Joe Chapline
01-05-2011, 04:05 PM
Anyone: I always look at bikes with the larger 700c wheels, because that's my preference. Would Runner750 be better off looking at bikes with smaller, 26" wheels, for weight, and/or for her smaller size?

RE the top tube, there are bikes that have an angled top tube, which gives you more clearance to stand over the frame. A true step-through frame allows you to dismount without swinging one leg over the seat. As baiskeli said, those were originally designed for women in skirts, but are also practical for anyone that has to get on and off the bike a lot. (Mail carriers, for example.) I don't know if Runner750 is looking for a bike with a low top tube, or a true step-through frame, but both are available.

Last note for now: You can save some weight in the tires. If it does make sense to look for a bike with 26" wheels, a lot of those are mountain bikes and may have big, fat, knobby tires on them. But the wheels will probably accept narrower, lighter tires.

baiskeli
01-06-2011, 10:28 AM
Anyone: I always look at bikes with the larger 700c wheels, because that's my preference. Would Runner750 be better off looking at bikes with smaller, 26" wheels, for weight, and/or for her smaller size?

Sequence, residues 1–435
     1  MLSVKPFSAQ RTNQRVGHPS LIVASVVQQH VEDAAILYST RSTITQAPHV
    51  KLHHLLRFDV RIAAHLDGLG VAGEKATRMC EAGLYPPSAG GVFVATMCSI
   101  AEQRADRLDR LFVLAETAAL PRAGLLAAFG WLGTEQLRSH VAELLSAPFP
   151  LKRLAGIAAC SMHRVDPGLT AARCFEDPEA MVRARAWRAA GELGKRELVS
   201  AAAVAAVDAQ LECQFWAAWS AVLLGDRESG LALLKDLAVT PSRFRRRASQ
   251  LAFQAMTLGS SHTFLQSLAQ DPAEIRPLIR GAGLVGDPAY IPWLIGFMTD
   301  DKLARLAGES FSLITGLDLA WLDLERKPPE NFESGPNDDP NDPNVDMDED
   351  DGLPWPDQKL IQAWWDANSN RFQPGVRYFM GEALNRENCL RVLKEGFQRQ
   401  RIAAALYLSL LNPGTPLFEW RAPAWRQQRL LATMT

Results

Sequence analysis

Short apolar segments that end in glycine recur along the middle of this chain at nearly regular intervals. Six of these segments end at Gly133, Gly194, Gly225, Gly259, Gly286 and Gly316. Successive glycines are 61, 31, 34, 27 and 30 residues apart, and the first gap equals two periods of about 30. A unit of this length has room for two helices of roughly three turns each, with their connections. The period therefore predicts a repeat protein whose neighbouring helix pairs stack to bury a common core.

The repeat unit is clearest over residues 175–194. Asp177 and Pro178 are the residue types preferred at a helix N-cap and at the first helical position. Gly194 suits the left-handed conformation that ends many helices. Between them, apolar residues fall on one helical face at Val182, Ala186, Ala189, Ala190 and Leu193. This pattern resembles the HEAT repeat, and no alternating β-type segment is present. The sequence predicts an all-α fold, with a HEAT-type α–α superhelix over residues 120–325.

RE the top tube, there are bikes that have an angled top tube, which gives you more clearance to stand over the frame. A true step-through frame allows you to dismount without swinging one leg over the seat. As baiskeli said, those were originally designed for women in skirts, but are also practical for anyone that has to get on and off the bike a lot. (Mail carriers, for example.) I don't know if Runner750 is looking for a bike with a low top tube, or a true step-through frame, but both are available.

Last note for now: You can save some weight in the tires. If it does make sense to look for a bike with 26" wheels, a lot of those are mountain bikes and may have big, fat, knobby tires on them. But the wheels will probably accept narrower, lighter tires.

I would imagine the style of bike she'd get with either 26" wheels or step-thru might negate any weight savings. That's why I mentioned that. Also, I wondered if her desire for no top tube meant her entire frame was just too big for her. Yeah, getting something with 26" and then switching to tires that don't belong on a Humvee is an option, as it is for lots of people.

But obviously she needs to just shop around. Also, she can probably find a reasonably-sized steel bike. I don't know what she rides now, but I'd guess just a smaller frame, leaner-style bike is all she needs. She's probably done reading this and out shopping by now anyway.